Dreamcatcher (2001)

Four childhood friends return home to Derry, Maine (another of King’s favorite locations) for their annual reunion and hunting trip. Only this year, there’s something sinister in the woods. They four must turn to the extraordinary event in their past to combat the evil. Lawrence Kasdan, William Goldman, and Morgan Freeman joined forces for the 2003 film of the same name, though reviews (28% on Rotten Tomatoes) were disappointing.

Black House (2001 with co-author Peter Straub)

Jack Sawyer, the young protagonist from The Talisman, is a retired police detective living in rural Wisconsin with no memories of the terrifying events from when he was twelve-years-old. When Jack is pressed back into law enforcement by a friend, he’ll have to confront not only his past, but the sinister forces swirling around him in the here and now. King and Straub reunited to continue Jack’s story in this sequel to The Talisman.

LT’s Theory of Pets, chapbook (2001)

This one was a bit of a head scratcher. Released as an audiobook from a live reading King himself did at London’s Royal Festival Hall, the story—a strange tale about a husband and wife who can’t seem to agree on their pets—first appeared in a collection called Six Stories. Six Stories was a limited run by King’s own publishing house, Philtrum Press; only 1,100 were published, and they’re extremely rare. The only listing I found as of this writing was for a signed edition on eBay for $2, 499. This is not to be confused with Six Scary Stories, which is a collection of work from other writers, assembled and edited by King. LT’s Theory of Pets would later appear in the collection Everything’s Eventual (2002).

From a Buick 8 (2002)

For fans of Christine, From a Buick 8 features a 1953 Buick Roadmaster that seems to serve as a kind of portal between worlds. The film version is currently in development with no release date announced.

Everything’s Eventual (2002 collection)

A collection of short stories, including several that appeared in The New Yorker magazine. “The Man in the Black Suit” won an O’Henry Award for Best American Short Story. (Not to be confused with the brilliant young adult novel, The Boy in the Black Suit by Jason Reynolds.)

The Dark Tower: The Gunslinger, revised and expanded edition (2003)

See the The Dark Tower: The Gunslinger (1982) above.

The Dark Tower V: Wolves of the Calla (2003)

See the The Dark Tower: The Gunslinger (1982) above.

The Dark Tower VI: Song of Susannah (2004)

See the The Dark Tower: The Gunslinger (1982) above.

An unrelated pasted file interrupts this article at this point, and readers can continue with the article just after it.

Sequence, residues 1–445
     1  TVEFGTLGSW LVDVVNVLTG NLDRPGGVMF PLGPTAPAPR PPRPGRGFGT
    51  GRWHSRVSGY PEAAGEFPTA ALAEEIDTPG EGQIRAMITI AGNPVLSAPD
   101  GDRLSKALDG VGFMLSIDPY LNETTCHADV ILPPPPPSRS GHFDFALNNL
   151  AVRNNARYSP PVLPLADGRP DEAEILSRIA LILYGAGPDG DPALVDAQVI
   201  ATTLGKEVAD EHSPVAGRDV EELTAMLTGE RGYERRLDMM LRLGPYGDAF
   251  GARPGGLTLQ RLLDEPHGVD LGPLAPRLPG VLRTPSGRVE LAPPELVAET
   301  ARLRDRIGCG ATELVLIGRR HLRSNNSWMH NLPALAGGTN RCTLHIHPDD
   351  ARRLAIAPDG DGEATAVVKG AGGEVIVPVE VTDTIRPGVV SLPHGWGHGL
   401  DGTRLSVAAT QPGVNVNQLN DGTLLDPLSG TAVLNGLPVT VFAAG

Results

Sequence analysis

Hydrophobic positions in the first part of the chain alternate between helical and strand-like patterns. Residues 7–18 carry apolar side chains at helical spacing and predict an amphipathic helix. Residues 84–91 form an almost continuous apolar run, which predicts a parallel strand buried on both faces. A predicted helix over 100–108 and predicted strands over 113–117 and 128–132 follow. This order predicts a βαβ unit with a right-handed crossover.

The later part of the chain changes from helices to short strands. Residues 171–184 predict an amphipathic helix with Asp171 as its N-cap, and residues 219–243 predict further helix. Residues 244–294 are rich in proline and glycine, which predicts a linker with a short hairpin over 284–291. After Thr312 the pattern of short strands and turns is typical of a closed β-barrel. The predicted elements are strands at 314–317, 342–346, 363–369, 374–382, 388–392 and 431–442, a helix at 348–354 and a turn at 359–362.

The Dark Tower VII: The Dark Tower (2004)

See the The Dark Tower: The Gunslinger (1982) above.

Faithful, non-fiction (2004 with co-author Stewart O’Nan)

I can’t say anything better than what’s in the publisher’s copy:

Early in 2004, two writers and Red Sox fans, Stewart O’Nan and Stephen King, decided to chronicle the upcoming season, one of the most hotly anticipated in baseball history. They would sit together at Fenway. They would exchange emails. They would write about the games. And, as it happened, they would witness the greatest comeback ever in sports, and the first Red Sox championship in eighty-six years. What began as a Sox-filled summer like any other is now a fan’s notes for the ages.

O’Nan (Last Night at the Lobster), like King, is a highly decorated writer. You can imagine the fun these two had writing this one.

The Colorado Kid (2005)

Through painstaking research, a pair of journalists and a forensics graduate student identify a dead body that’s washed up on an island off the coast of Maine. And that’s where the mystery really begins. With echoes of Dashiell Hammett’s THE MALTESE FALCON, King presents a moving and surprising tale whose subject is nothing less than the nature of mystery itself. The first of King’s paperback novels with Hard Case Crimes, meant to emulate crime novels of the 1940s and 50s.

Cell (2006)

Similar to The Stand in that an apocalyptic event (this time a mysterious cell phone signal rather than a virus) kills most of humanity. The story follows the few survivors. led by artist Clayton Riddell. The reviews for this story are considerably worse than those for The Stand, and the film adaptation, in spite of Samuel L. Jackson and John Cusack, seemed to miss the mark, too, garnering a dismal 11% on Rotten Tomatoes.

Lisey’s Story (2006)